Posted in Film, Writing

How to Be Ambitious in Your Storytelling Structure

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Watching Like a Writer is a movie review series that looks at films from the perspective of a fiction writer, complete with one writing takeaway, and an exercise that will help better your fiction!

His work hasn’t exactly been stellar in the last decade, but Bruce Willis has enjoyed a rare varied career as an action hero, funny man, and dramatic protagonist. Let’s take a look back at the great moments of his long, prolific career…

5. The Sixth Sense

This film was just one of five or six late summer options when it was released in early August of 1999. Few movies before or since have truly come out of nowhere like this one to take audiences on a compelling, chilling ride that ends with one of the all-time great twists. Of all the films he’s ever made, this was the one that gave Willis his best shot at an Academy Award nomination, but unfortunately to no avail.

4. Die Hard

The first is still by far the best, with Willis at his wisecracking, sarcastic greatest. It’s hard to believe when this film came out that Willis was looked at as a comedian, not an action movie star. This intense, exhilarating film from director John McTiernan created a solid franchise and jumpstarted Willis’ career. Alan Rickman is a formidable foe, playing the ruthlessly evil bad guy.

3. Death Becomes Her

One of the best black comedies of the 90s features Willis in maybe his most dopey, against-type character ever. Willis sheds his macho persona to play a dweeb doctor who dates the plain Goldie Hawn until sweeping gorgeous Meryl Streep off her feet. While this hugely entertaining movie is usually swept under the rug when Robert Zemeckis’ accomplished career is discussed, it deserves to be mentioned in the same breath as Back to the Future, Forrest Gump, and Who Framed Roger Rabbit. It’s nothing short of a classic.

2. Unbreakable

M. Night Shyamalan will never make a movie half as good as Unbreakable again. This is Shyamalan at the height of his creative powers, telling a superhero story as a downbeat drama with a small town man questioning his powers and a wheelchair-bound neurotic hiding a devastating secret. Although the twist doesn’t have as much power as that Sixth Sense thing of beauty, the entirety of Unbreakable is beautifully constructed and emotionally satisfying. In 2000 it was a solid follow-up to The Sixth Sense. Today it is a work of art that stands as one of the finest superhero motion pictures ever made.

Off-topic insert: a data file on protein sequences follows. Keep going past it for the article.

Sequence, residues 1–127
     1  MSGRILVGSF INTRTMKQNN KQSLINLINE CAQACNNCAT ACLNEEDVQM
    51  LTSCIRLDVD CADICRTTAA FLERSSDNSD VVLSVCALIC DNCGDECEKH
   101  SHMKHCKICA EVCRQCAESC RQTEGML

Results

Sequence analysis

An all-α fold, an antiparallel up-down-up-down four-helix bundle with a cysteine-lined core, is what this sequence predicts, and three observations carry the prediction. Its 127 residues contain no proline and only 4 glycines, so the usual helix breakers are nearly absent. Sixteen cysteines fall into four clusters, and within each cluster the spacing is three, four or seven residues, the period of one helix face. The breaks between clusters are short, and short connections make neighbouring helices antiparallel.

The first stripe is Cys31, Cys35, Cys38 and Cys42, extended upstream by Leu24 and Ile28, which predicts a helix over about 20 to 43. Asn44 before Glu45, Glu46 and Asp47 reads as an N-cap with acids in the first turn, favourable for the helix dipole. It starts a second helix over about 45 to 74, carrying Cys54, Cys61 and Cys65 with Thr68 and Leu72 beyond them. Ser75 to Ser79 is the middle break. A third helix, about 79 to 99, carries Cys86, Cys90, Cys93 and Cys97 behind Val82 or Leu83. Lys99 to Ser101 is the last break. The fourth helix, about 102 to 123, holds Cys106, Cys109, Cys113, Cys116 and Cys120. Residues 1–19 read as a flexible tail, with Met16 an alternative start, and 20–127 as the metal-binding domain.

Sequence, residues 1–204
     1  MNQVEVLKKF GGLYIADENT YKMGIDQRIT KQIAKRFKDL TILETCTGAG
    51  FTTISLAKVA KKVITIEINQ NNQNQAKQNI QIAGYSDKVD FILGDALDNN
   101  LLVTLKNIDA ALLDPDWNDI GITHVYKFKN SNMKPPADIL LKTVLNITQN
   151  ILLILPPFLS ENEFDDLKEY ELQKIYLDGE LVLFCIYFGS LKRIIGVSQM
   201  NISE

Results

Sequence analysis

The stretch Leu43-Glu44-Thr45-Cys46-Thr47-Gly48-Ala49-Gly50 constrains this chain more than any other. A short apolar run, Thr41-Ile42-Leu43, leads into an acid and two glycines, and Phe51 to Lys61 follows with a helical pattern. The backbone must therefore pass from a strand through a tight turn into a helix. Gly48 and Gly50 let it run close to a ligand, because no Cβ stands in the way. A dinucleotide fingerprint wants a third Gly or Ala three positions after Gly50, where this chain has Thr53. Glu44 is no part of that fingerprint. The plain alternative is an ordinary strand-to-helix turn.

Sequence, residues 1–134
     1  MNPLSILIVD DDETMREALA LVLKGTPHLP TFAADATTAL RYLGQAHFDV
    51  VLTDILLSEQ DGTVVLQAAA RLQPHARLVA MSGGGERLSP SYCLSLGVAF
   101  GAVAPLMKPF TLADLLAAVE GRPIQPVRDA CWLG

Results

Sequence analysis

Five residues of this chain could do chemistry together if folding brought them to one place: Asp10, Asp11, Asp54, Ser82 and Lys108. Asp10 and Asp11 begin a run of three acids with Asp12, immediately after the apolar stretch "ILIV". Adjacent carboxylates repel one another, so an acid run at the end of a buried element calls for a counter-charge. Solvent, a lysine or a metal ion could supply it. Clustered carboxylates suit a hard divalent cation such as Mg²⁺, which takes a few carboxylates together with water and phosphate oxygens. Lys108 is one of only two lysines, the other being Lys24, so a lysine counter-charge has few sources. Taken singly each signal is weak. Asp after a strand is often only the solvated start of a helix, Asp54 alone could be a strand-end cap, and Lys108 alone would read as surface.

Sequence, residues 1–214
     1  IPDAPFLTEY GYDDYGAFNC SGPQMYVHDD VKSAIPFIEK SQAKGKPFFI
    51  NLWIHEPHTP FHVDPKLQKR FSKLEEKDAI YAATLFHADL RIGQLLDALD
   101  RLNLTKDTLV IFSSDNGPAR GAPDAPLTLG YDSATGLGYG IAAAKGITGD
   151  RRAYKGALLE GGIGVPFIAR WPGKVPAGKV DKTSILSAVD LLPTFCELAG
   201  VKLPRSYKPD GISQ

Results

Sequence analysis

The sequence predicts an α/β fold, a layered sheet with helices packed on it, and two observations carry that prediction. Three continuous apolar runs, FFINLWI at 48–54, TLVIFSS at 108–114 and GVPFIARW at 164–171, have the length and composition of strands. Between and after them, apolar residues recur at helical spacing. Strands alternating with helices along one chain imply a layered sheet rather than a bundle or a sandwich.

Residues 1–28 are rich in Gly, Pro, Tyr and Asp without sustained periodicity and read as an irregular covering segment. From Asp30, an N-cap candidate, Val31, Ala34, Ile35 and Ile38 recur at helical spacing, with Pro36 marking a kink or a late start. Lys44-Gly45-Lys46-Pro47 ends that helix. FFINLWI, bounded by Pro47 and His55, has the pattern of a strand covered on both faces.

1. Pulp Fiction

While Quentin Tarantino and John Travolta got most of the credit for this one back in 1994, it’s sometimes easy to forget that Bruce Willis is similarly dynamite in his memorable supporting role as an aging boxer. Pulp Fiction is one of those classics that collect dust on the shelf for only so long until the disc has to be dropped back into the DVD player. It was the film that got the Tarantino train off and running, and kudos to Willis for taking a chance on a project that might not have as lauded if it weren’t for the sheer talent behind the camera. Unbreakable is Willis’ finest hour as a leading man, but Pulp Fiction is easily the best film he’s ever appeared in.

Watching Like a Writer

Pulp Fiction changed the film industry when it opened in 1994, and it also changed the way so many storytellers looked at their work, whether it be a screenplay or a novel or a short story. Telling a narrative in the way Pulp Fiction does was revolutionary, and it allowed for writers young and old to take changes on their latest works-in-progress. What I learn from Tarantino’s Oscar-winning film is paying attention to the specific qualities of each of my characters, whether they be the main characters or supporting ones, and also taking risks with structure that may seem radical, even impossible. I’m not as ambitious with structure as I can be. A recent work-in-progress I planned to be told from four points of view, when finally I decided on only two. But I do have plans for something truly big and ambitious one day, a story that is told not in a typical structure and allows for characters to exist in a timeline that no reader would ever come to expect.

Exercise!

Look at your current work-in-progress, whatever it may be. What could you do differently to the structure? Is there something outside the box you could consider that might actually make the story even more compelling?

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